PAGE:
On Wednesday 7th July, Billionaire investor Warren Buffett announced that he has donated $2.9 billion in shares of Berkshire Hathaway to five philanthropies including Bill & Melinda Gates Foundation.
This donation comprised 15.97 million Class B Shares of Berkshire given Hathaway to 5 foundations;
- Bill & Melinda Gates Foundation, which gets four-fifths of the donations
- Susan Thompson Foundation, named for Buffet’s late first wife
- Howard G. Buffet Foundation, run by one of Warren Buffet’s children
- Sherwood Foundation, run by one of Warren Buffet’s children
- NoVo Foundation, run by one of Warren Buffet’s children
Warren Buffet who turns 90 on August 30, established an annual giving plan, under which he converts his Class A shares into Class B shares and donate them to charities. Buffet has given away more than $37 billion of his wealth over the last 14 years.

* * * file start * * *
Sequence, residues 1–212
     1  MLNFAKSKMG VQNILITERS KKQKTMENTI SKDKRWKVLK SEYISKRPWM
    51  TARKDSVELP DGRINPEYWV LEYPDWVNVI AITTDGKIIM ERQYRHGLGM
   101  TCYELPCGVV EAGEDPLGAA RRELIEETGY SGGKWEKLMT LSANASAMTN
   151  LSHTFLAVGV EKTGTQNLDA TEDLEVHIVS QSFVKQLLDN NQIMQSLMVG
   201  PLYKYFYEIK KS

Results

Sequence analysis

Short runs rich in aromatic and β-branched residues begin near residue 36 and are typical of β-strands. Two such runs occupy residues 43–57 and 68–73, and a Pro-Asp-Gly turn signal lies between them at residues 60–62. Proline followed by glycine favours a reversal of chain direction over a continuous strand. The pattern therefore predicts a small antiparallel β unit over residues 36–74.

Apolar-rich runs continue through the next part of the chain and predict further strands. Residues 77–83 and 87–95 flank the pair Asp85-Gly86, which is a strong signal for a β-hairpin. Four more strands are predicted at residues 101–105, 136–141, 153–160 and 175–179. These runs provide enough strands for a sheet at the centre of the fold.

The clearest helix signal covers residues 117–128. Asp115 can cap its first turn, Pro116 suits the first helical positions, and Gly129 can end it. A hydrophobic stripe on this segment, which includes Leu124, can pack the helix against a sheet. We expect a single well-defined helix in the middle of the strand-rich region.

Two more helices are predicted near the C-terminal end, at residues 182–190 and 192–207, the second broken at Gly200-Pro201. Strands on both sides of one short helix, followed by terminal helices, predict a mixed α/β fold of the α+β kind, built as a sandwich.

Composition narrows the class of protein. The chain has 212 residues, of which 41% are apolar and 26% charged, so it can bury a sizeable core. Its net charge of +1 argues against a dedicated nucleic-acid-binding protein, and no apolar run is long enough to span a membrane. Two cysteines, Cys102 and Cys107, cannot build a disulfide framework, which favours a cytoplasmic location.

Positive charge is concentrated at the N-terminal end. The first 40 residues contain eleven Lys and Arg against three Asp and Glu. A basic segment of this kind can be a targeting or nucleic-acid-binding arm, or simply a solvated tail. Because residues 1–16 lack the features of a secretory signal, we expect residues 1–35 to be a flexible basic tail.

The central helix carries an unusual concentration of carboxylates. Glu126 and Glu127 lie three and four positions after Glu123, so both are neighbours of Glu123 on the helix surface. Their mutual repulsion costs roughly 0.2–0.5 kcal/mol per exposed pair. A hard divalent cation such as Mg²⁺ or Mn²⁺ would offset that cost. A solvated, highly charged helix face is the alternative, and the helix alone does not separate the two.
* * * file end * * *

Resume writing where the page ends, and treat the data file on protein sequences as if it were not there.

The difference between Class A shares and Class B shares of a company’s stock usually comes down to the number of voting rights assigned to the shareholder. Class A shareholders usually have more voting rights than owners of other classes of stock.
According to Reuters, although Buffet has donated 48% of his Berkshire shares, he still owns 15.5% of the Omaha, Nebraska-based conglomerate and controls 31% of its voting power. This amounts to 248,734 class A shares worth $67.5 billion; the Class A shares of the company closed at $268,406.20 per share, while the Class B shares closed at $178.00 per share in the last trading session on the New York Stock Exchange.
For his charitable donations, Warren Buffet gets minor tax benefits: the combined federal and state income taxes he has paid, including projections for 2020, have been reduced by 43 cents for each $1,000 donated, Berkshire said in a statement.
Forbes estimates that Buffet had a net worth of $71.4 billion prior to the latest gift. In his annual letter to shareholder, Buffet outlined his plans for his stake in Berkshire Hathaway after his death.
In the letter he said, “Today my will specifically directs its executors – as well as the trustees – to each year convert a portion of my A shares into B shares and then distribute the Bs to various foundations. Those foundations will be required to deploy their grants promptly.
“In all, I estimate that it will take 12 to 15 years for the entirety of the Berkshire shares I hold t my death to move into the market.”